mode converter with a conical horn (as transmitting)
antenna. TM01 mode is excited at the input port of the mode
converter, and radiation pattern is measured and plotted at
3, 3.2 and 3.4 GHz input signal. Maxima is obtained on the
boresight as shown in Figure 11, which shows the presence
Figure 8. A modified conical monopole feed for TM01 mode excitation of TE11 mode. In this case most of the power is radiated
2062 A. Chittora et al.: Dielectric Loaded TM01 to TE11 Mode Converter for S-band Applications

along the propagation axis. It is verified from the radiation 4 CONCLUSION

patterns that the proposed mode converter converts TM01 to A TM01 to TE11 mode converter is investigated based on
TE11 mode efficiently for the frequencies within calculated phase shift by dielectric loading and centre conductor for HPM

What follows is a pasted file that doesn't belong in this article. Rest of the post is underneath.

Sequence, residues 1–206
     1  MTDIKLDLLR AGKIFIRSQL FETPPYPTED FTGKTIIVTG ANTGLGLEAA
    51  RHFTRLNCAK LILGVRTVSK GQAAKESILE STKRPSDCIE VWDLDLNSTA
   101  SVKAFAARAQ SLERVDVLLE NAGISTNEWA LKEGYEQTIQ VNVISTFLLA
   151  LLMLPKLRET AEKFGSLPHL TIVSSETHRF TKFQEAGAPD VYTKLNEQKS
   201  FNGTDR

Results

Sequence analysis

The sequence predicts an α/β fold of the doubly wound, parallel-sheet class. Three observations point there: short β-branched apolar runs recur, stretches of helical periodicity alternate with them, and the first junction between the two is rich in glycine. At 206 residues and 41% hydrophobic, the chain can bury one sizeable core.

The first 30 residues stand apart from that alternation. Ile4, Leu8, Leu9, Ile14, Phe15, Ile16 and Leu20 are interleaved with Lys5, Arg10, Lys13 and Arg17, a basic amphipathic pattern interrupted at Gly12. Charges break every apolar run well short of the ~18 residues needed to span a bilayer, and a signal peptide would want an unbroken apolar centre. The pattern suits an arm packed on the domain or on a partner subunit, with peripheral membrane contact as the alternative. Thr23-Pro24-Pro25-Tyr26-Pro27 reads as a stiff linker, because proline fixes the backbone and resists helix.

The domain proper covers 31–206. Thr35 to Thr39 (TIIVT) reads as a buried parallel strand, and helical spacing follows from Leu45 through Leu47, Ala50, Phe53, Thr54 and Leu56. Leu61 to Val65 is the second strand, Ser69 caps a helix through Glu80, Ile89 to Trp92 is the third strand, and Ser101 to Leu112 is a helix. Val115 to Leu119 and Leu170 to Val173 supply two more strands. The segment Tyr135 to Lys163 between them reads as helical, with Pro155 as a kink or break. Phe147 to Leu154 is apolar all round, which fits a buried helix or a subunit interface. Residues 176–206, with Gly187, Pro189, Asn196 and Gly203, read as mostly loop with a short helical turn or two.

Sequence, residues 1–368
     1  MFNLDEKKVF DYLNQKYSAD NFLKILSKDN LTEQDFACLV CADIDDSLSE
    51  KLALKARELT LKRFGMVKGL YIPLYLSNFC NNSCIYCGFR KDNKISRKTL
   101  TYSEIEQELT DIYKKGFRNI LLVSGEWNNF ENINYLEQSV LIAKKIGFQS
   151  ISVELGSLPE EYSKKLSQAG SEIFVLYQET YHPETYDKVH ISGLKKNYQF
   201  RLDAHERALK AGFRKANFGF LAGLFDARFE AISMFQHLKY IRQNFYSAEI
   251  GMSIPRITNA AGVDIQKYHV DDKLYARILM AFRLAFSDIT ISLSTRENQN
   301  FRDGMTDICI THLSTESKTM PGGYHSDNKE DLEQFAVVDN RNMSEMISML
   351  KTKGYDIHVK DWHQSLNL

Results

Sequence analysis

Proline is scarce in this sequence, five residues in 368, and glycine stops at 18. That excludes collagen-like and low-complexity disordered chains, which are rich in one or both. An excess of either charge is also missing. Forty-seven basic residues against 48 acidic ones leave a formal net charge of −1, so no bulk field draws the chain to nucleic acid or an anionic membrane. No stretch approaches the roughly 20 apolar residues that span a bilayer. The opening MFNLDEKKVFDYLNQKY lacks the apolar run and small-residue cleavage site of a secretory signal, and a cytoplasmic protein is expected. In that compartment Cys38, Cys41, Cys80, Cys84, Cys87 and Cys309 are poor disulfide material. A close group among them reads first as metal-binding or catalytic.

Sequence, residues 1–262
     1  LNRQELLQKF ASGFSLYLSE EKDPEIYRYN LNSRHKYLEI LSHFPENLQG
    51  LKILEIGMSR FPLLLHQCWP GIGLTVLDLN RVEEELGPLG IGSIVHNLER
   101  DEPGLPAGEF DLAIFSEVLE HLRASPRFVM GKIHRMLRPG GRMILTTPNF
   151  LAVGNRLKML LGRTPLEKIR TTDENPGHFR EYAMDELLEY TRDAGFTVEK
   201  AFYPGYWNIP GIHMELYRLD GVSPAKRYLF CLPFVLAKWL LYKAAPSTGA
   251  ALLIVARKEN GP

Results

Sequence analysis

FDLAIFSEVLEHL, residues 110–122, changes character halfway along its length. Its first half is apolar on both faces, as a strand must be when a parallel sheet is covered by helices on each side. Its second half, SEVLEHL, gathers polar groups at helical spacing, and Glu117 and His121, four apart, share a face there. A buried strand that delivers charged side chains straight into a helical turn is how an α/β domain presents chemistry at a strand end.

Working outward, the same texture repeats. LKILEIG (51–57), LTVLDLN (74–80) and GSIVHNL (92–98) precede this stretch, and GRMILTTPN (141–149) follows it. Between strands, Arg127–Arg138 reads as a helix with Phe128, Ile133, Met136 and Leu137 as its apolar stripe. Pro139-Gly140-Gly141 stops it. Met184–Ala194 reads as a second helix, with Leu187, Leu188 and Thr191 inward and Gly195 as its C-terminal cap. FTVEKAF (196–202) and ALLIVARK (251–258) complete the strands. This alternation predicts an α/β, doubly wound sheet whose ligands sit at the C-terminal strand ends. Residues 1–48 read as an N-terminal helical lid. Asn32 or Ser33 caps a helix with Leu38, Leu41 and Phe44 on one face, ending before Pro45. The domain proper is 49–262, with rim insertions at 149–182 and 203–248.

bandwidth. S11 parameter is also measured at input port of sources with relatively lower output power (upto 200MW). The
the mode converter and compared with the simulation result proposed design has advantage of linear structure and
as shown in Figure 12. Measured reflection is better than - compactness. Therefore it is easy to fabricate and install. From
10dB within mode converter bandwidth. The measured the analysis with different materials, PTFE is found to be
result is in good agreement with the simulated result. suitable material in terms of performance measures of mode
converter. High mode conversion efficiency (>90%) for wide
bandwidth (20.3%) makes it useful for S-band HPM launching
systems. The dielectric losses in the waveguide are negligible
with PTFE. The proposed design is also fabricated with PTFE
as dielectric loading and mode conversion is verified through
farfield radiation measurements. Dielectric materials with higher
dielectric constant can also be used and they result in more
compact design, but performance may be different in terms of
bandwidth, conversion efficiency and power handling
The project was financially supported by the Board of
research in Nuclear Sciences (BRNS), ISRO, DST and Tata
Center for Technology and Design.

[1] G. S. Ling and J. J. Zhou, “Converters for the TE11 Mode Generation from